Vietnam vet André Bolden has several major regrets about his life as he enters his seventies, but when he’s approached by Abstergo Industries with the promise of medical treatment he accepts their offer.

Anyone familiar with Assassin’s Creed will recognise Abstergo as the Templar front housing Animus technology enabling people to live the lives of their ancestors. As seen in Black Cross, they’re particularly interested in the experiences of the Bolden family, but don’t clarify that for André.

Having illustrated Fred Van Lente’s story previously, Dennis Calero both writes and draws this shorter four chapter sequel. It mixes action in the present day with the past of the 19th century North African slave trading community. Calero’s a frustrating artist. He draws a lovely merchant ship, and plays a lot with light and shadow, but this is randomly generated, so while it makes for an interesting visual effect, when it’s so frequently used it prompts one to ask where the light is generated. It’s also inconsistent, as in the course of the same people talking in the same place the light will shift around. There’s more inconsistency with the way André is drawn. On the sample art Laurence Fishburne has been used as the model, yet elsewhere André looks like Samuel L. Jackson, or like neither actor. It’s bordering on insulting as the primary white character doesn’t switch between Gary Oldman and Matt Damon.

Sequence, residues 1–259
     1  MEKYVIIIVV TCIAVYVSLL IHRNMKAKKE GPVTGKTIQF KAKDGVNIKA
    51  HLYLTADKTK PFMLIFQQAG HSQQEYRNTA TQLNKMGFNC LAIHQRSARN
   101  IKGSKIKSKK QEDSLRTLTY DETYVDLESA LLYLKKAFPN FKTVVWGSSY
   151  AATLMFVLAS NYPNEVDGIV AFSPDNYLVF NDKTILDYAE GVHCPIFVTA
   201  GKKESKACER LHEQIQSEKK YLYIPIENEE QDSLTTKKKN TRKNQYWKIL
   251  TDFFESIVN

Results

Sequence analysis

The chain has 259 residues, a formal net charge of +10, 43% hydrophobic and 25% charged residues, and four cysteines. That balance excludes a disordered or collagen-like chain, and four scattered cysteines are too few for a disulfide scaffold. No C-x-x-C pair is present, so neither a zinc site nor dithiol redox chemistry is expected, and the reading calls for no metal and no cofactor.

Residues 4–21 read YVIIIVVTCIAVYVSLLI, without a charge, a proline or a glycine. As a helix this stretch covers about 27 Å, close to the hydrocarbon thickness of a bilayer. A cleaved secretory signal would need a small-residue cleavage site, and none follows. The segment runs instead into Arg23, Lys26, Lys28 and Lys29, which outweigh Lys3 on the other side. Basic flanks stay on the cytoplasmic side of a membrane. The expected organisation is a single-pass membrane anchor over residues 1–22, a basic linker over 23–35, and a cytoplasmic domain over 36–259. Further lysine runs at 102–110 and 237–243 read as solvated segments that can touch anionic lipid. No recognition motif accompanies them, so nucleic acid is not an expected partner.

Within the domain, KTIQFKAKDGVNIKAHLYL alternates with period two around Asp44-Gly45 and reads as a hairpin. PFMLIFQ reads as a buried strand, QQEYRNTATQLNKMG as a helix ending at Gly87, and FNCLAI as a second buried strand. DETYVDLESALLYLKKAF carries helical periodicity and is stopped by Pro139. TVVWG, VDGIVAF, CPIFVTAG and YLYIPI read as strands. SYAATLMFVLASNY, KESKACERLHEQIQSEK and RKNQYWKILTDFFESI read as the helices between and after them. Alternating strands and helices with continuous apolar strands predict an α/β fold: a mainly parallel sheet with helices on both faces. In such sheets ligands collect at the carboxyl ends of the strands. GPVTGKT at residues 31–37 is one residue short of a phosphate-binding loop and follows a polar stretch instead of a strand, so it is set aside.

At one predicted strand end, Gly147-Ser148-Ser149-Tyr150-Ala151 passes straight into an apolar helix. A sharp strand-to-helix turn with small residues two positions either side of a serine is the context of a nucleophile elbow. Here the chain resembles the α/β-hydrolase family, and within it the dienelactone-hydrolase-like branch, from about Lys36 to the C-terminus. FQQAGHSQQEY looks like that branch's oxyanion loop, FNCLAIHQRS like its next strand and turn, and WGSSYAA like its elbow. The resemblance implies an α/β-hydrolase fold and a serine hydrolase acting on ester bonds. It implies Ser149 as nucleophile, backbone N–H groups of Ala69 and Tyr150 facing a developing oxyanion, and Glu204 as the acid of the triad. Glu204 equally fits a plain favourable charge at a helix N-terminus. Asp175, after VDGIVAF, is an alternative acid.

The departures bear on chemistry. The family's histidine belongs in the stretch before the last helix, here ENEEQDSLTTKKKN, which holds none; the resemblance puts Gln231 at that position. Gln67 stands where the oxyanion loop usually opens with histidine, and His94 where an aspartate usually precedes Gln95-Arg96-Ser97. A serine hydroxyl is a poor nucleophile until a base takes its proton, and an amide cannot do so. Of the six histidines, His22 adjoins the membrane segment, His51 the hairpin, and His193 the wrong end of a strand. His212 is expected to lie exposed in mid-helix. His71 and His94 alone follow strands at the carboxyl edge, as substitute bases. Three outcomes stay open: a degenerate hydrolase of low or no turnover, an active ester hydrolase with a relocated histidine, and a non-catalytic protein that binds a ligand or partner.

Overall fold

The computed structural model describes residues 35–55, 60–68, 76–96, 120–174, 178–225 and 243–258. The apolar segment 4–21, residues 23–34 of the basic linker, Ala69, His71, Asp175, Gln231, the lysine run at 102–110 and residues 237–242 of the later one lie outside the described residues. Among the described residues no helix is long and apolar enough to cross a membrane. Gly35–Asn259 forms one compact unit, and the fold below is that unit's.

Calero’s plot is slow release, and his characterisation of André spot on. He’s smart, still has his military training and adapts quickly to new circumstances. At first he appears to be just the vessel through which the past is accessed, but that underestimates him. There’s also a personality to Graff in the past, and because he’s more important to The Cross War, Calero is able to show us more of Juhani Otso Berg’s sharp intuition and talents. There’s isn’t quite the depth of historical research some writers apply, but Calero keeps the intrigue high, so that doesn’t really matter. It’s a solid adventure without matching Black Cross.

For some reason there’s considerable confusion about this volume in online sales listings. In common with several other Assassin’s Creed graphic novels, some Amazon pages have this as a text novel, and other sites credit the involvement of Fred Van Lente, which isn’t the case, and title the book The Iron Cross.